Israeli President Shimon Peres on Tuesday took part in a ceremony to open a museum honoring a couple who saved some 50 Jews from extermination in Nazi-occupied Latvia.
The museum in downtown Riga, Latvia’s capital, is located next to the property once owned by Zanis Lipke, a port worker who, together with his wife, hid Jews in an underground pit measuring some nine square meters (90 square feet).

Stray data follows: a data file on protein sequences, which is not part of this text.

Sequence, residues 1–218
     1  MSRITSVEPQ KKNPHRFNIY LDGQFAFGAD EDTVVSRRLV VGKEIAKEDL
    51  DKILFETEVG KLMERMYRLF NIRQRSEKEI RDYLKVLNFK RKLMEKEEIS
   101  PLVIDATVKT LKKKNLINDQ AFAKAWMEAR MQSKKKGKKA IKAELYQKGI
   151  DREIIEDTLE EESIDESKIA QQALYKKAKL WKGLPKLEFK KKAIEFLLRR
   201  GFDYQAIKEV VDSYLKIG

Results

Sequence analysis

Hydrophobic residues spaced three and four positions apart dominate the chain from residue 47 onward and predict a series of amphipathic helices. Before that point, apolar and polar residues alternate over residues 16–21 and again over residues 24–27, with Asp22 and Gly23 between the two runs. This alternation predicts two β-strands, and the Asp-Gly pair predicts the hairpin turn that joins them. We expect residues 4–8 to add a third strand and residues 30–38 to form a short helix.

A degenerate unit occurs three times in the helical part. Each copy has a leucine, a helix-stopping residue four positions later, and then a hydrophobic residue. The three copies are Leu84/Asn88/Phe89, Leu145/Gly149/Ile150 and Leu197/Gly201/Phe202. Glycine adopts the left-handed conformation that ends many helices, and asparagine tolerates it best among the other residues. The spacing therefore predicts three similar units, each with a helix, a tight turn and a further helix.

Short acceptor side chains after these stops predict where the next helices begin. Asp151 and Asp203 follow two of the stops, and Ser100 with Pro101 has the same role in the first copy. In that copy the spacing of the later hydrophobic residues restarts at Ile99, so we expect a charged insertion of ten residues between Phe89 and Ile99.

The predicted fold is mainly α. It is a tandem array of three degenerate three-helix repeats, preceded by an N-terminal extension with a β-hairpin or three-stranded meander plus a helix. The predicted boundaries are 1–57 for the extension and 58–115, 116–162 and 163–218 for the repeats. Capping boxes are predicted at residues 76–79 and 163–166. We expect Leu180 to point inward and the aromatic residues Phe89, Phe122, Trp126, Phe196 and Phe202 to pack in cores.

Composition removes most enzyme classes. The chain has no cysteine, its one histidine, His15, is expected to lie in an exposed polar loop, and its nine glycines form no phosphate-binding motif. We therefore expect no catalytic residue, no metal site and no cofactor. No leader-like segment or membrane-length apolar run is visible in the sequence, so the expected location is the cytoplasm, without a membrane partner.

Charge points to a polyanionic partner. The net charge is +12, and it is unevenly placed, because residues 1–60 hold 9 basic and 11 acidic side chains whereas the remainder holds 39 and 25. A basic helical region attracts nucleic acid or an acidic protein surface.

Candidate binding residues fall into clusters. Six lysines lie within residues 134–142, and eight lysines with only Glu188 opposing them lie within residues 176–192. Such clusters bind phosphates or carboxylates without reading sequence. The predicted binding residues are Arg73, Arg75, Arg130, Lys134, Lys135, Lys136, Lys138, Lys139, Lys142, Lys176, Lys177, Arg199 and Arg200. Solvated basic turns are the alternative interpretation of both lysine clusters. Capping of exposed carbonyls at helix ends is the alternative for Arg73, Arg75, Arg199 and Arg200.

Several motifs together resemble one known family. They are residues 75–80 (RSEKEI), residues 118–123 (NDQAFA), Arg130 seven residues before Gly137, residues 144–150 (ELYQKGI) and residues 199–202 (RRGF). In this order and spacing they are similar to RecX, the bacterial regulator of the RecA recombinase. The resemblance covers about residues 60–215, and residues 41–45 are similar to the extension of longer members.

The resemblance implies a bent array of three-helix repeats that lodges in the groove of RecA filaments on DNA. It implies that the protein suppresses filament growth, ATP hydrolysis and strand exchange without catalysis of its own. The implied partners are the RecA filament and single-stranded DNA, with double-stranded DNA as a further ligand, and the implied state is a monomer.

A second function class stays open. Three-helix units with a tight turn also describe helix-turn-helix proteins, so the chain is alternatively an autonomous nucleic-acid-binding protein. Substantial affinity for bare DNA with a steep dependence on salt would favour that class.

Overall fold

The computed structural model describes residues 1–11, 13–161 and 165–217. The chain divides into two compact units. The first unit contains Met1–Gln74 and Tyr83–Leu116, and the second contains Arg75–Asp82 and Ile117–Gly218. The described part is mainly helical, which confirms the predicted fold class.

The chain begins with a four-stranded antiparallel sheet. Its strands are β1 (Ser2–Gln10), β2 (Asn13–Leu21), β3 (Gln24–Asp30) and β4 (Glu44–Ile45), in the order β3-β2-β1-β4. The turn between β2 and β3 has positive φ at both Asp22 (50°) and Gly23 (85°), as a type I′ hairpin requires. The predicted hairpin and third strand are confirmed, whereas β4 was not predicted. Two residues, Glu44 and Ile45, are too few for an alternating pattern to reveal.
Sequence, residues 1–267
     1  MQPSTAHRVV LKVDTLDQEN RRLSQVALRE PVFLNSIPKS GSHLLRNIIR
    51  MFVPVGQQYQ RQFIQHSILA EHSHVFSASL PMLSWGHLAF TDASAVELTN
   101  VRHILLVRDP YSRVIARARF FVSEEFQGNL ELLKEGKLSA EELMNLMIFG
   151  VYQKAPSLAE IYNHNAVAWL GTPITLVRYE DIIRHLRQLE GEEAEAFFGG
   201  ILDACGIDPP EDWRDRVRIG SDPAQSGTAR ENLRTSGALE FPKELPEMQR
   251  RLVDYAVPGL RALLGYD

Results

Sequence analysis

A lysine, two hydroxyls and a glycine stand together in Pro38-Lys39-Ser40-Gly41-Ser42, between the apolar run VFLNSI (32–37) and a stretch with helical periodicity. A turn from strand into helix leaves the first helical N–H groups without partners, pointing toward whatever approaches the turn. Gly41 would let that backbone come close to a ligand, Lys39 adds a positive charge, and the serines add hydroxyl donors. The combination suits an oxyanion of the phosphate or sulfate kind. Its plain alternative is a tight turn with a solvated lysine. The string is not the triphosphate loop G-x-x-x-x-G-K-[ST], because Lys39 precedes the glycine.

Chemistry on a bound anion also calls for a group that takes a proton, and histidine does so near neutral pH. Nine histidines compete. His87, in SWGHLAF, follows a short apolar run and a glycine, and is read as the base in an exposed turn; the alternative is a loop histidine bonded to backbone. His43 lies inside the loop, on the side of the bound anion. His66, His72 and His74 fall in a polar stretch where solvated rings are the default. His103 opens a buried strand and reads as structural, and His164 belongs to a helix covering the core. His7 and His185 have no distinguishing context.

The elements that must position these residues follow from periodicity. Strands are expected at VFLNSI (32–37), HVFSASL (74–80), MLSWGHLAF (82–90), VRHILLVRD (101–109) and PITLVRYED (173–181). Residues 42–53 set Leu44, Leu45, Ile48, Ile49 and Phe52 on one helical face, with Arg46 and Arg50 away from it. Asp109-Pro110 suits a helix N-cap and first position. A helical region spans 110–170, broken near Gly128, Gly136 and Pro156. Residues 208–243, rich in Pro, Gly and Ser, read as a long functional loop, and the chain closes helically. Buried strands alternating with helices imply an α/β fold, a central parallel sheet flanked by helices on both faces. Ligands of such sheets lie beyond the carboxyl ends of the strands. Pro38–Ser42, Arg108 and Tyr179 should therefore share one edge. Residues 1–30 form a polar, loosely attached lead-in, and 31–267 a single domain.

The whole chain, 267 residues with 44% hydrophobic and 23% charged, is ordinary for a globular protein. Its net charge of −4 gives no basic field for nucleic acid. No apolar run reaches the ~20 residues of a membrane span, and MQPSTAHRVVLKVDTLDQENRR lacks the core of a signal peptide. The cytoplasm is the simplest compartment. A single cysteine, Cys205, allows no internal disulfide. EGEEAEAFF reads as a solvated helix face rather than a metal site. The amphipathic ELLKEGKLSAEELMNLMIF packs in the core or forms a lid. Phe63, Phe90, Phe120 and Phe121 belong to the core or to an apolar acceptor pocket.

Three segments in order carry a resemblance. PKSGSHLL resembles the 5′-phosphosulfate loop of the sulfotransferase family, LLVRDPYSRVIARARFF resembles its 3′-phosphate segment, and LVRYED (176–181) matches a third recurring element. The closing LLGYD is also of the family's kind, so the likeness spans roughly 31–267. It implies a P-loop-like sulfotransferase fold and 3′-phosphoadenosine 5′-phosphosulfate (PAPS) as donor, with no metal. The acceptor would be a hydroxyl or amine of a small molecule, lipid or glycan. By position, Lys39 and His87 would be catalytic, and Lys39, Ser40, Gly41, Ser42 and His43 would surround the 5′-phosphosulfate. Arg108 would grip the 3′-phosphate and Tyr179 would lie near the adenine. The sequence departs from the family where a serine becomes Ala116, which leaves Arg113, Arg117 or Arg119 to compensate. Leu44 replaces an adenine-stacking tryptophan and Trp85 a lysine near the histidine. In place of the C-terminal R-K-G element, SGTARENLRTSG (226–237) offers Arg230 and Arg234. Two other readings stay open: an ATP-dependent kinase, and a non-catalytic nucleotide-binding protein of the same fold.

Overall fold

The three-story museum of dark gray wood resembles an overturned ship and is designed to give visitors a claustrophobic sense of life in a tiny bunker.
Peres took part in the ribbon-cutting ceremony together with his Latvian counterpart, Andris Berzins.
In 1966, Yad Vashem in Israel recognized Zanis and Johanna Lipke as rescuers of Jews.
Lipke died in 1987 and his wife in 1990.